5. One of my favorite things about my role is that I get to talk to young people, sometimes in schools and sometimes in community organizations. It is the most fun part of my job, and I find myself feeling deeply inspired by their questions and their ideas. I hope that the young people in our community continue to recognize the diversity on our council, on our boards, and within our staff, and are able to see themselves in our places and in places where we might never go.
6. I hope that women and a greater diversity of people will continue to run for local, state and national offices. We need to make sure that we are supporting those candidates who represent our community and our values. Support can mean a lot of things, including money, time and encouragement. I ran for office because someone suggested I should. That suggestion changed everything for me. We all need to look for qualified, good-hearted candidates from a wide-range of backgrounds and do what we can to help them become engaged in all levels of government.
7. I think about the people who encouraged me to try things and many of those are women. My mom never said no when I asked for a book. Mrs. Bonnie Boone taught middle school English, and she was constantly putting new and different books in front of me. Professor Christine Robinson at my boarding school encouraged me to write and to think about the more marginal voices in the stories we read. My roommates from boarding school, who are now amazing women and moms, continue to challenge me every day. One of my best childhood friends lives in Dripping Springs, and she constantly makes me both laugh and think. We are raised in community, and I have some pretty amazing women in mine.
8. I would tell them to try whatever speaks to them, especially those things that make them a little afraid or even a lot afraid.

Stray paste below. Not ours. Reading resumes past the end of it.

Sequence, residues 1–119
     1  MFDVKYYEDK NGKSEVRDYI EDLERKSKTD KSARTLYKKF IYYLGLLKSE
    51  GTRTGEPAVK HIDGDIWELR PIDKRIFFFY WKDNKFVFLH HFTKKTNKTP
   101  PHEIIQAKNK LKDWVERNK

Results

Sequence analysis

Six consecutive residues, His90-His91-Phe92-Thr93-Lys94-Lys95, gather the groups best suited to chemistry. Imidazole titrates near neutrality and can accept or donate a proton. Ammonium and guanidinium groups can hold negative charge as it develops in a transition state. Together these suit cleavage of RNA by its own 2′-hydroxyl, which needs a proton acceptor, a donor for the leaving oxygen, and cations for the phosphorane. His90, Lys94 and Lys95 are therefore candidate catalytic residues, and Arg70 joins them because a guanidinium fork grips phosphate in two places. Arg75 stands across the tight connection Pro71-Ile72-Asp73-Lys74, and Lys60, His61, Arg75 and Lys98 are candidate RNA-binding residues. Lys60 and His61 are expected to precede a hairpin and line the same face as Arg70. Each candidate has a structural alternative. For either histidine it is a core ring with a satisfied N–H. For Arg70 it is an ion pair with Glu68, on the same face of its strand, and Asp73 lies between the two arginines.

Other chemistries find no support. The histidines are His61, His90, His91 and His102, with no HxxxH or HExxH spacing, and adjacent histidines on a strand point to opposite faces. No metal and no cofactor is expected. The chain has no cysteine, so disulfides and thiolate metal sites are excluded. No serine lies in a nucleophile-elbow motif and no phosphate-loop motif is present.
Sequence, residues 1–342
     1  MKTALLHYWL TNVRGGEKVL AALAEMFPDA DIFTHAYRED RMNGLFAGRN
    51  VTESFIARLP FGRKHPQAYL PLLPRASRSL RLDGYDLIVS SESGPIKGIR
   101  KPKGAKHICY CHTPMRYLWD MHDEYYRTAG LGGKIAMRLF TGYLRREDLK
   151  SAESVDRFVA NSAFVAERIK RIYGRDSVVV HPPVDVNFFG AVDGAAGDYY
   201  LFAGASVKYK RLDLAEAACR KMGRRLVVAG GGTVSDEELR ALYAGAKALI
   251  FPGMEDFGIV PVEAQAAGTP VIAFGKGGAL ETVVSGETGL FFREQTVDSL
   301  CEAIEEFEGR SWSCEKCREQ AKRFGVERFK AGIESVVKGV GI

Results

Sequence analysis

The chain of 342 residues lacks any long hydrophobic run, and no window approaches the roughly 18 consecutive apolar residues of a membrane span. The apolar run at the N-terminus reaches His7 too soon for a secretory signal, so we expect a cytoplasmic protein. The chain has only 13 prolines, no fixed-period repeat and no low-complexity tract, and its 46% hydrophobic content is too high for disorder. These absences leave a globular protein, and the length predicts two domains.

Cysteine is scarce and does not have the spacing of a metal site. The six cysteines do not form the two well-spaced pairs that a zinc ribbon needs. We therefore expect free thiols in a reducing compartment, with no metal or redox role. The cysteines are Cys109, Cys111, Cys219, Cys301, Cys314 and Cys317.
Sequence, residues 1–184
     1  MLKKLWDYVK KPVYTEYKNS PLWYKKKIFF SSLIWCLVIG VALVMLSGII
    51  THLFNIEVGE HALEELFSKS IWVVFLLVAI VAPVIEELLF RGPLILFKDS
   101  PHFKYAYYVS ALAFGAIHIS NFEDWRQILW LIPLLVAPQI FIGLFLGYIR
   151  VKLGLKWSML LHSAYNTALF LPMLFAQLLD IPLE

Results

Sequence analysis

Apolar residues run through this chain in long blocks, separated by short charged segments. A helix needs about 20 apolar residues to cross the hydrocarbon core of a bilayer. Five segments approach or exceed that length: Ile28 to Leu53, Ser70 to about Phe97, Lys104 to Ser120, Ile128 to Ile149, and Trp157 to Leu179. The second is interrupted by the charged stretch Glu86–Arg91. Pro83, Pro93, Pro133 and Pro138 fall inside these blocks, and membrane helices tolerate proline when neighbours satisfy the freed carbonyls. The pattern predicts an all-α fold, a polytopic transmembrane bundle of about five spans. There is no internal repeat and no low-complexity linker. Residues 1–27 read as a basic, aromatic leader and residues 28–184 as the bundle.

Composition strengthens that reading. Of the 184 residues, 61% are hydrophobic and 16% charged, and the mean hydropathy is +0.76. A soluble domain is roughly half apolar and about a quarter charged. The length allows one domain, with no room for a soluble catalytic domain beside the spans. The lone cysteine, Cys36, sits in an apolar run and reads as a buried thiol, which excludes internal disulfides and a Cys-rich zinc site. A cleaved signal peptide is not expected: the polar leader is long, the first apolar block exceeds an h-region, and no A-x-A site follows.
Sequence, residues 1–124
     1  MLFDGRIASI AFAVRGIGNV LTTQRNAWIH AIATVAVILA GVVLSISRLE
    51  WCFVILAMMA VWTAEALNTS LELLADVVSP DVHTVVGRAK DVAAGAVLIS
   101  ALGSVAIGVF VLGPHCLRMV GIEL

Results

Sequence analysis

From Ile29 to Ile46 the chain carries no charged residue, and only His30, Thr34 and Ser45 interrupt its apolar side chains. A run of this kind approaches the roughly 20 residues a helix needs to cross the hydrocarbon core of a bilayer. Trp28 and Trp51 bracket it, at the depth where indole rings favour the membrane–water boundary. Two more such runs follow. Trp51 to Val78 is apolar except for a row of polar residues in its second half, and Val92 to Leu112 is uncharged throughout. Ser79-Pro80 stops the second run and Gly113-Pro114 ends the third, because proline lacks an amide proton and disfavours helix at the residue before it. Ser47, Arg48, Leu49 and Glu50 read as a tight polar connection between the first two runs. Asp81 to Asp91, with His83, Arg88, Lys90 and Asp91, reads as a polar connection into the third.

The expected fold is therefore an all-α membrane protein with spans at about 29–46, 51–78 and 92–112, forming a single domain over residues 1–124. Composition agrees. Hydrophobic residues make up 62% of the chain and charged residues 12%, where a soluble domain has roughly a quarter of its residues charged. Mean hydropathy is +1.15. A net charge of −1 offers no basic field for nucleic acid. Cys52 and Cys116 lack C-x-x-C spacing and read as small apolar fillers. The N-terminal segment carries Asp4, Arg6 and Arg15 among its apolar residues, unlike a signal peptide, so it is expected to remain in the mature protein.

1. I am the administrator for our family business, P2 Programs – a software company that specializes in barcoding structural steel and inventory management. As the administrator I handle customer service as well as account management for our business. My original career was working for elected representatives. I never imagined that I would become one myself.
2. I think it is important that everyone step up to serve their community in some way. Everyone has something to bring to the table. Dripping Springs has always been a community of people who help and watch out for each other, and it brings a nice balance when all types of people step up to serve on boards, committees, and commissions in our town.
3. The greatest challenge for me right now is finding where I can be of the most help to people. Voting on agenda items is important, but my passion is to be of direct help to the community and nonprofits of Dripping Springs.
4. Personally, my four kids and my marriage of 37 years to my husband Paul.
In my career – while working for the state legislature, I was able to help pass legislation that directed the Department of Family and Protective Services to make every effort to keep siblings in the foster care system together when looking for a permanent adoptive home for them and while working at the Dripping Springs Chamber of Commerce, I trademarked and had Dripping Springs recognized by the Texas Legislature as the Wedding Capital of Texas®.
5. Not that I know of but if I have, I am humbled. While running for this elected position, I was blessed to have support from countless women in Dripping Springs who showed a passion for local politics and seeing women in positions of representation. Being in such a visible role is a challenge for me as I am an introvert and I don’t like confrontation. I remind myself often that my faith, experience and knowledge will give me what I need while serving in this role.
6. Inclusively, I think everyone in this community regardless of gender or age, needs to know that they are needed because they have gifts that need to be shared. The term “leadership” can be intimidating but if you step up and share whatever gifts you have been given to help your neighbor, that is being a leader.
7. The women of the Bible and my mom! The women in the Bible all displayed a willingness to step up, even when it was hard, and the odds were against them. Such faith is so inspiring! And my mom is my earthly example every day. When I was growing up, she was always giving of her time to others and balancing both home and work. Today she is still serving on her local Texas Retired Teachers Association board. Still giving and serving. She is amazing!